Since the Reading Outreach in Clatsop County program started eight years ago, more than 700 kids in rural towns now have library cards to public libraries that previously weren’t accessible to them.
But the most distinct change ROCC outreach coordinator Suzanne Harold said she has seen has been cultural: excitement about reading.
“I remember after organizing the summer reading program in Hilda Lahti some of the kids wrote me letters, saying things like ‘I never realized the library was cool,’ or thinking they might want to become a librarian,” she said.
In the effort to continue this enthusiasm, ROCC raised $5,500 in a county auction March 23 as a way to keep funding their work to ensure kids in the county have the same library access as a kid would in towns with public libraries like Warrenton, Seaside and Astoria. Before ROCC, kids in the county would pay a fee for a public library card, providing a financial barrier to many families.
The second annual auction filled the Seaside Convention Center with about 90 different auction items, ranging from wine baskets and children’s books to winning a free little library that someone can put outside their house to share books around the community.
The money raised at the event will go to funding the outreach coordinator in charge of organizing summer reading programs, as well as the courier system that allows kids in the county to return public library books to their school libraries. This helps alleviate the long drive that used to be a barrier for rural users, event organizer and Seaside Library Director Esther Moberg said.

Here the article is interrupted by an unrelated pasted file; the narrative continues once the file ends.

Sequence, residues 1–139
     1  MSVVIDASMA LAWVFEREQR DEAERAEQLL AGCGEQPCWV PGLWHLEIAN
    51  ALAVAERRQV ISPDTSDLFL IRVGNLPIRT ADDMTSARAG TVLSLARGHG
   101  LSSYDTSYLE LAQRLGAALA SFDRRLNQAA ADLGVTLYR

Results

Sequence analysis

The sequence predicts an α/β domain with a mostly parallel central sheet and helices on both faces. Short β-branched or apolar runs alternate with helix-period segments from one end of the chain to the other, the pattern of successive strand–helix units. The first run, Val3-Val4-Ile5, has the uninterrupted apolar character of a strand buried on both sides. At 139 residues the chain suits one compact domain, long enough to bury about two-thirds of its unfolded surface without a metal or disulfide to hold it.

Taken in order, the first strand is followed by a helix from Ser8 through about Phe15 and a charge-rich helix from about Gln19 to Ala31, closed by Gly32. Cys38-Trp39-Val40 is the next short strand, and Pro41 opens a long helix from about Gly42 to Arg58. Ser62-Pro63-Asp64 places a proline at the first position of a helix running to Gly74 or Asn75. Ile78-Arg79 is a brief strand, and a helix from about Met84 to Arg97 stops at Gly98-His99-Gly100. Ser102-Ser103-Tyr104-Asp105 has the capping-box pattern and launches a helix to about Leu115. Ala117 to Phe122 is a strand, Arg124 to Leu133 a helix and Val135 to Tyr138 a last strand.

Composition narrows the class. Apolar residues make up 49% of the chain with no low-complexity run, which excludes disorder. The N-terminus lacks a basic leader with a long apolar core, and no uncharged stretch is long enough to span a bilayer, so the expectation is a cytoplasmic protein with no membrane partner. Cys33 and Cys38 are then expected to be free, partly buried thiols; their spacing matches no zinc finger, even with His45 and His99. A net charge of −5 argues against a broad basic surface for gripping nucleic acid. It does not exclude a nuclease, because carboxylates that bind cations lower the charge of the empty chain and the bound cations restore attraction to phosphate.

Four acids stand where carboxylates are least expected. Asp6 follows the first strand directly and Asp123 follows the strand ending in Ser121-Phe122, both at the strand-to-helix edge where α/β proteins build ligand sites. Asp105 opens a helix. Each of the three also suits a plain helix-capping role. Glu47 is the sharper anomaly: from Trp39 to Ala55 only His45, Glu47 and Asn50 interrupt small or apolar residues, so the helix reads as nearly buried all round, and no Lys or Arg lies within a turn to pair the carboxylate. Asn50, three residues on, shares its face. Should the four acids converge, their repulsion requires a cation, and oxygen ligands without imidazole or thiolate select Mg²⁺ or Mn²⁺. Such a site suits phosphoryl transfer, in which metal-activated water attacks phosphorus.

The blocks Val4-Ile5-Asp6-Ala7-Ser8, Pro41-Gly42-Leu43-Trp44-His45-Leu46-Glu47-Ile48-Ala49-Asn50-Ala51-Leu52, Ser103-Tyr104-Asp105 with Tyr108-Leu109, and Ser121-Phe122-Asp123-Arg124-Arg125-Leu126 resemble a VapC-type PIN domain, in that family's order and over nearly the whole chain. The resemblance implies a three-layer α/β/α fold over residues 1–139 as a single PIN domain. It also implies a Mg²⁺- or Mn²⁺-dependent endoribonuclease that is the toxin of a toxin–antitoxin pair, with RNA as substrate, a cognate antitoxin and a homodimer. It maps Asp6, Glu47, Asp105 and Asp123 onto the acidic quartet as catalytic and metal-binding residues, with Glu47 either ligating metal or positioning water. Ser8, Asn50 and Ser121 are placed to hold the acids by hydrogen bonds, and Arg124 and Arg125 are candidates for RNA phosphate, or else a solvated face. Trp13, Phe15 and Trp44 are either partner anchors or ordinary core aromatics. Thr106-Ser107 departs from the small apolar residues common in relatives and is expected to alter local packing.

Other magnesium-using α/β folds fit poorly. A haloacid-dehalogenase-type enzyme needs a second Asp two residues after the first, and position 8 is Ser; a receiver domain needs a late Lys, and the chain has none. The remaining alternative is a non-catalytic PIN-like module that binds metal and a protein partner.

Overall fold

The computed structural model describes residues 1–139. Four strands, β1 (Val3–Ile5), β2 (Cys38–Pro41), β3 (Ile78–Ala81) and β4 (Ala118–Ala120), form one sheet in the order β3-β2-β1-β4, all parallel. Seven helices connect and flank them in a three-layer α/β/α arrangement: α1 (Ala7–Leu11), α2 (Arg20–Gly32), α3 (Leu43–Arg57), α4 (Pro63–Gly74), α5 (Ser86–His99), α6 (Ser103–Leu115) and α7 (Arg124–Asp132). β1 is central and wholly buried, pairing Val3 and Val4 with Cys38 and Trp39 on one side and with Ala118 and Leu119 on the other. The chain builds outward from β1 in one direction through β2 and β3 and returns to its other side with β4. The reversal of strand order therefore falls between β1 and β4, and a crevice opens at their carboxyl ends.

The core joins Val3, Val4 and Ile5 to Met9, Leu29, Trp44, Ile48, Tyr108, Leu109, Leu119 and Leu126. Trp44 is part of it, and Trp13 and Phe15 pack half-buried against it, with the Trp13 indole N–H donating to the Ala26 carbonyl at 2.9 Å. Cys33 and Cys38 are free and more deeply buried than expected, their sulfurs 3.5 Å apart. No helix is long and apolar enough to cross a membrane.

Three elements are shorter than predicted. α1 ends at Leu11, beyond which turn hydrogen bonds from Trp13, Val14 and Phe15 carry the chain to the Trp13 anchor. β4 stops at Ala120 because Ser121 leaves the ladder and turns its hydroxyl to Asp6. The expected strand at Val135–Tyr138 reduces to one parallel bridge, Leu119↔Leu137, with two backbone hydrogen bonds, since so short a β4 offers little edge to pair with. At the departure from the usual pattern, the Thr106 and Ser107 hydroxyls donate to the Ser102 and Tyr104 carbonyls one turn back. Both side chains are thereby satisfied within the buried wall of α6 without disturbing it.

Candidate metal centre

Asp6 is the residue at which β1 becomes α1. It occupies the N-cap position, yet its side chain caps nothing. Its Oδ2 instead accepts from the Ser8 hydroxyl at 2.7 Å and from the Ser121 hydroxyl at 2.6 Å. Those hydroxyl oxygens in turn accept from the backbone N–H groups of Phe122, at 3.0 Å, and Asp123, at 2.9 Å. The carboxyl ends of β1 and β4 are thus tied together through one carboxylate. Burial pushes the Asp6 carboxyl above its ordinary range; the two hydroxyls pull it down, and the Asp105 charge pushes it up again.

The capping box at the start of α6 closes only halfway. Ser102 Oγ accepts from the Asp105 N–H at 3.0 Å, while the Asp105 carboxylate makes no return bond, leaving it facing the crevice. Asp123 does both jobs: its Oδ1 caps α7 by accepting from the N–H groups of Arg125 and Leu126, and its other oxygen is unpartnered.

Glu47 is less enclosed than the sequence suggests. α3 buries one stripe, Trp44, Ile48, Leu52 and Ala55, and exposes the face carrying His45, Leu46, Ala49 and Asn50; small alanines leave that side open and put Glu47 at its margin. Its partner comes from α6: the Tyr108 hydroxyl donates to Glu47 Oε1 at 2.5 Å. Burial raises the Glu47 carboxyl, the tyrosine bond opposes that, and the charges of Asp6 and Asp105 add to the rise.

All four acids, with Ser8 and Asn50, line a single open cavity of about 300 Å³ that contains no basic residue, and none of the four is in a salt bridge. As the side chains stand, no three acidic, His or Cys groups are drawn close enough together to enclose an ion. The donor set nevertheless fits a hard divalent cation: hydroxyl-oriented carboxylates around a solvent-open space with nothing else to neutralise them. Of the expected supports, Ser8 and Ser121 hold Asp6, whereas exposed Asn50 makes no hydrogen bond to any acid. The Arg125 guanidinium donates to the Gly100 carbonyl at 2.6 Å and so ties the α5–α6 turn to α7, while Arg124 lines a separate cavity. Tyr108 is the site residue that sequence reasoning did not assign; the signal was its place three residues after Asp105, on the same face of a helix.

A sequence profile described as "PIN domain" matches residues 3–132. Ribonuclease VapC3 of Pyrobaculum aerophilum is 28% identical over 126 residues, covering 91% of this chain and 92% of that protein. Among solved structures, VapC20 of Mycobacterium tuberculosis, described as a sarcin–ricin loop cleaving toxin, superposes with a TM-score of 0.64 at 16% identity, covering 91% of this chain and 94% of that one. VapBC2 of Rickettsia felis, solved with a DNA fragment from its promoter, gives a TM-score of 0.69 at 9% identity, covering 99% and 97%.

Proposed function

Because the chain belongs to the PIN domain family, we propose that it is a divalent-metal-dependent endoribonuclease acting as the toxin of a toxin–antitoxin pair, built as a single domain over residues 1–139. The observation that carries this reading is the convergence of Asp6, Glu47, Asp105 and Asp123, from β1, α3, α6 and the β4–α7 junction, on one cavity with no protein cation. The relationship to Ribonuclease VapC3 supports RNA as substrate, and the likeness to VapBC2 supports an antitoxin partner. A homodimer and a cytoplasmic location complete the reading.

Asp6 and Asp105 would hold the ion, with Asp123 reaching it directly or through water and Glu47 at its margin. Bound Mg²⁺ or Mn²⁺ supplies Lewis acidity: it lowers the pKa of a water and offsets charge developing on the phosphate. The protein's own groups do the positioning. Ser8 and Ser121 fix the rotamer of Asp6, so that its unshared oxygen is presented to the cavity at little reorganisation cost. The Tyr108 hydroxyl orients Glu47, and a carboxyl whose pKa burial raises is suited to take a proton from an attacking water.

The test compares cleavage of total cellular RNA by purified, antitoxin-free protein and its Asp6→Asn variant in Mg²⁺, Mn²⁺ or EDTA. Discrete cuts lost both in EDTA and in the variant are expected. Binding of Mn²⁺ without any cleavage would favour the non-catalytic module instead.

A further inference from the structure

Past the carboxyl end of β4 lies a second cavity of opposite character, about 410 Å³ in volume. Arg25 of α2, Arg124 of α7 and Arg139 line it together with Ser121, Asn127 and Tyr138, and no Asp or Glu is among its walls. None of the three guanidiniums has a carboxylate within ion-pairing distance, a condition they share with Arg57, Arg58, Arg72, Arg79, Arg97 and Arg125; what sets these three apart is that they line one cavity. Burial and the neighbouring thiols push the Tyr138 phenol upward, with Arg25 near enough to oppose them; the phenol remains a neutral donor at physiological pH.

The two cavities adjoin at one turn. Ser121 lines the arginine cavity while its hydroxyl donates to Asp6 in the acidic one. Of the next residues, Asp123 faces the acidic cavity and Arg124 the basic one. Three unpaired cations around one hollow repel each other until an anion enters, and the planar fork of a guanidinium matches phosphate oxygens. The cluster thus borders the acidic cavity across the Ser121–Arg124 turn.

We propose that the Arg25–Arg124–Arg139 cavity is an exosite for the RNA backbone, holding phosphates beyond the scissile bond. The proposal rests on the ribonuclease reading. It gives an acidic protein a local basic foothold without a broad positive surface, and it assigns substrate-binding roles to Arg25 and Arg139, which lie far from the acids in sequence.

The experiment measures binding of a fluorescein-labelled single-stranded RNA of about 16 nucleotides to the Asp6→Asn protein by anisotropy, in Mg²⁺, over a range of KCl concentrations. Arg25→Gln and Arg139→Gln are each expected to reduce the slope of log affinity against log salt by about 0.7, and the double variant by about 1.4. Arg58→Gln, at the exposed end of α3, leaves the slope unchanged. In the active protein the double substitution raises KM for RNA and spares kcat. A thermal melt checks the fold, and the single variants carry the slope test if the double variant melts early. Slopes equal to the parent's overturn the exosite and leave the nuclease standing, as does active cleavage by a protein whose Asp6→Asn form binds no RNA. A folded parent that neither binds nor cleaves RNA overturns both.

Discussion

The prizes differ from each year to the next, but the goal of ROCC remains the same.
“We are serving 700 children, but there are 920 who could be served in the county. We want every kid to have access to a library card,” Moberg said. “When this program was started, we asked ‘How can every kid in this county be successful?’ Reading is a place to start.”
Moberg said she hopes to keep building up the auction as ROCC transitions from getting funded by grants to relying mostly on community support and donations. For the first five years, ROCC relied on federal grants. But due to grant competition and proposed cuts to the budget that funds this grant from the Trump Administration, curating community financial support is increasingly more crucial.
“Showing community support is also an important part of the grant process, as well,” Harold said.
Jane Tucker, the former director of the Astoria Public Library, attended the event and was at the forefront of developing ROCC eight years ago, and said she is proud of the program’s impact.
“We seek to tear down any barrier from children reading,” Tucker said. “This is the reason I did what I did, why I chose the career I did. Without literacy you can’t do anything else. That’s why it’s so important to give as much access to reading as possible.”